I was going to be celebrating my 21st birthday in a few days, I had just started my first proper job since quitting college, and I just got dumped by an emotionally and physically absent boyfriend. So, I had plenty to celebrate, and I wanted to make it special.
Several weeks prior to that, a friend of mine had taken me on my first international trip to Thailand, where I immediately caught the travel bug. I was itching to travel again. This time around, I was not going to wait for anyone to take me — I was going to do it myself. And I chose to go to Singapore. Here’s why.
#1 Its Strategic Location
One of the major selling points of Singapore to me at that time was its location. I had only been working for a few months by then, so I wasn’t exactly the richest kid on the block. Flight tickets to faraway places were simply out of the question. Besides, I also didn’t have many days off, so my perfect destination would be somewhere that was close enough for me to make a weekend trip.
It didn’t take a genius to figure out what my best option would be.
So, if you’re Malaysian wanting to travel solo for the first time, Singapore would be the most convenient choice (or Thailand, depending on which one is closer to you). You can travel to Singapore by bus, train, or plane. From Kuala Lumpur by bus, it would take around 4 – 5 hours. By train would be slightly longer.
For those from other countries, Singapore International Airport (Changi) –which is an attraction in itself — is easily reached from anywhere in the world. It is, in fact, one of the main air hubs in Asia, and is served by most major carriers. Budget airlines that fly into Singapore include Fly Scoot, Jetstar, Air Asia, Malindo Air, Batik Air, IndiGo, Lion Air, and Cebu Pacific.
#2 It's Visa-Free
Yes, Singapore is visa-free for citizens of almost 80% of the world countries. That means, they may travel in Singapore for a period of up to 30 days or 90 days without a visa, depending on their nationality (please refer to the map above).
For my first solo trip, I didn’t want to go through all the hassle of applying for a visa. I don’t think I would have known how, anyway. It was 2010. I wasn’t very tech savvy back then.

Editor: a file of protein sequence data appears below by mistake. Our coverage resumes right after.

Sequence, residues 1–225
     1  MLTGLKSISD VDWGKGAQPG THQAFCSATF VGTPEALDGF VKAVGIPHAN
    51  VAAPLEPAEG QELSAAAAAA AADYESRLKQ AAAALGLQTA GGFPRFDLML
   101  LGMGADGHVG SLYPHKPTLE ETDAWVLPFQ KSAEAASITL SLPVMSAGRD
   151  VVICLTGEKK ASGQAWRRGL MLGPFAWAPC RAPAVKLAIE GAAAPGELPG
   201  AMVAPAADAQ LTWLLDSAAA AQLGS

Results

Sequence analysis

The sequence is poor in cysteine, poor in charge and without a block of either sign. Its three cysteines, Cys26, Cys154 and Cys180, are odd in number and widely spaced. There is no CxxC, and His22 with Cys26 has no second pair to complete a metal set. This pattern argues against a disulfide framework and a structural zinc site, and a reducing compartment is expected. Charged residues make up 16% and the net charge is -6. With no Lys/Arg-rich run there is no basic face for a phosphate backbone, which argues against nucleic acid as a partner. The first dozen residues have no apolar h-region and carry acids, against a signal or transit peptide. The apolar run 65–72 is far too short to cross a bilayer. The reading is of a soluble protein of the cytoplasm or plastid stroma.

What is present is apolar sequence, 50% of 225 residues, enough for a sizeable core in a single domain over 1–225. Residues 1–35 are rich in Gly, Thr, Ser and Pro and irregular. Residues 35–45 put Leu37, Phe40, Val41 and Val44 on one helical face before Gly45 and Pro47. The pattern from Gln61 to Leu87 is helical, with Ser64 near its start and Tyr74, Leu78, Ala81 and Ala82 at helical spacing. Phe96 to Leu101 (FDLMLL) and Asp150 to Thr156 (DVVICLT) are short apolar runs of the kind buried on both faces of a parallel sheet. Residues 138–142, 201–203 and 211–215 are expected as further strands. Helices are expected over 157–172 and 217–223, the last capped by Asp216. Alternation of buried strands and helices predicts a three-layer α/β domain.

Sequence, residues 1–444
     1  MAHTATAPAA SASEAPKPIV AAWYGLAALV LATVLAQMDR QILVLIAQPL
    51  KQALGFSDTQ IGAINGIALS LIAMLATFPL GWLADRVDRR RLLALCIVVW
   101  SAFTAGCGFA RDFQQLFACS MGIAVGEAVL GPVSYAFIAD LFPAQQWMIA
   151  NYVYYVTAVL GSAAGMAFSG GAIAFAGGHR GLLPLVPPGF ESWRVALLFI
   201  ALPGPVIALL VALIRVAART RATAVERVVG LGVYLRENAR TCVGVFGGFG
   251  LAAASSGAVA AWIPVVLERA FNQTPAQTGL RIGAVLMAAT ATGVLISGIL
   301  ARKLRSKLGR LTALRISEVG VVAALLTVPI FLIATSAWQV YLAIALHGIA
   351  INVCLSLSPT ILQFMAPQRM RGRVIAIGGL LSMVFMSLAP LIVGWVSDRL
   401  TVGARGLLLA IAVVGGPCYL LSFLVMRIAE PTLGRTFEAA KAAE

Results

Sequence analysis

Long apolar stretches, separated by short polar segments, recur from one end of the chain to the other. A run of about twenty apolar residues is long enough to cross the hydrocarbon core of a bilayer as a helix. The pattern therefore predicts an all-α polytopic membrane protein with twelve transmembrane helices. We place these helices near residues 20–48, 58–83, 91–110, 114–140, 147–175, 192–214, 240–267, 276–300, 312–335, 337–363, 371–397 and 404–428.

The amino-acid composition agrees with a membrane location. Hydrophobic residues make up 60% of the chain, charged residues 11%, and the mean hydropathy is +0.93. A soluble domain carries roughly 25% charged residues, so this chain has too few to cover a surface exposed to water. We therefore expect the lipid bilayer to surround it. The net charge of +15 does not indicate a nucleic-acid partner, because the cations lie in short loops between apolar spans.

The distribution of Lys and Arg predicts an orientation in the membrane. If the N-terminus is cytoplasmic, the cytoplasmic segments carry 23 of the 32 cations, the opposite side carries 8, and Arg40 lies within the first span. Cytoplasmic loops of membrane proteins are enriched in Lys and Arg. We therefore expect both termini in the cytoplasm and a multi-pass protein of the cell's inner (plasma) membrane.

#3 It's One of the Safest Countries in the World
No matter how adventurous you are as a person, it’s normal to be concerned about safety when you travel. Especially if you’re female and traveling solo for the first time. I’d like to emphasize that danger is everywhere. There’s no such place that is completely free of crime. But there are countries that are rated ‘more dangerous’ than the others, based on their crime index, political instability, potential for terrorist acts, and military expenditures as a percentage of GDP.
Singapore has very strict laws compared to other Asian countries. There are no religious or racial tensions (apart from minor ones that I’m sure exist everywhere in the world), and no civil unrest. The crime rate is as low as 0.38 homicides per 100,000 inhabitants compared to 6.4 of New York City and 45.1 of Venezuela.
#4 It's Very Clean and Modern
These qualities don’t necessarily make a country the perfect holiday destination. After all, how many people choose their dream vacation based solely on how clean the city is?Probably not so many. Oftentimes, the more remote and the more ‘challenging’ the place, the higher the appeal.
But if you’re traveling abroad for the first time, or if it’s your first time in Asia, it kind of makes sense to want to be in a clean and modern environment. Especially after a long, tiring flight, you probably wouldn’t want to arrive in a place that has no clean water, no clean toilets, no public transports, and frequent power cuts.
Well, good news for you: this shouldn’t be an issue in Singapore. What with its strict no-spitting, no-littering, and no-chewing-gum laws, Singapore is one of the cleanest cities in the world. So clean that some people criticize it for being too ‘clinical’ and ‘sterile’. As for modernity, its gleaming and futuristic skyscrapers will make you think that you’re not in Southeast Asia.
#5 The Locals Speak Good English
Arriving in a country where nobody speaks your language is intimidating, to say the least. Maybe not so much for a seasoned traveler. But for a first-timer, it could be a nightmare. Especially if you can’t read the alphabets either.
If English is the only language you can speak and learning new ones is not your strong suit, fret not. Singapore has a very high English proficiency — even better than many European countries. Being multiracial, it also has three other official languages — Bahasa Melayu, Mandarin, and Tamil — but English is the most widely spoken. So, if you know English, or any of the languages mentioned above, you’ll be fine.
#6 The Locals are Friendly and Helpful
Okay, maybe not as friendly as Malaysians (I’m biased), but they sure are helpful.
Well, okay, maybe not all of them, but out of the many people I had to ask for direction (before smartphones, I had to ask for direction every 10 minutes), most of them were very eager to help.
Singapore is a very fast-paced metropolis; even the escalators are faster than the ones in Malaysia. Everybody seems to be in a hurry to get somewhere. In general, people who live in this kind of environment, i.e. urban-dwellers, tend to be more closed off and prefer minding their own business. Thus, they might come across as unfriendly.
In Singapore, you won’t get the laid-back vibe that’s typical of other Southeast Asian countries. Nobody will call out to you and offer you tuktuk or massage. But if you approach someone for help, you can almost be certain that they will respond positively — if they’re not in a hurry to get to work, that is.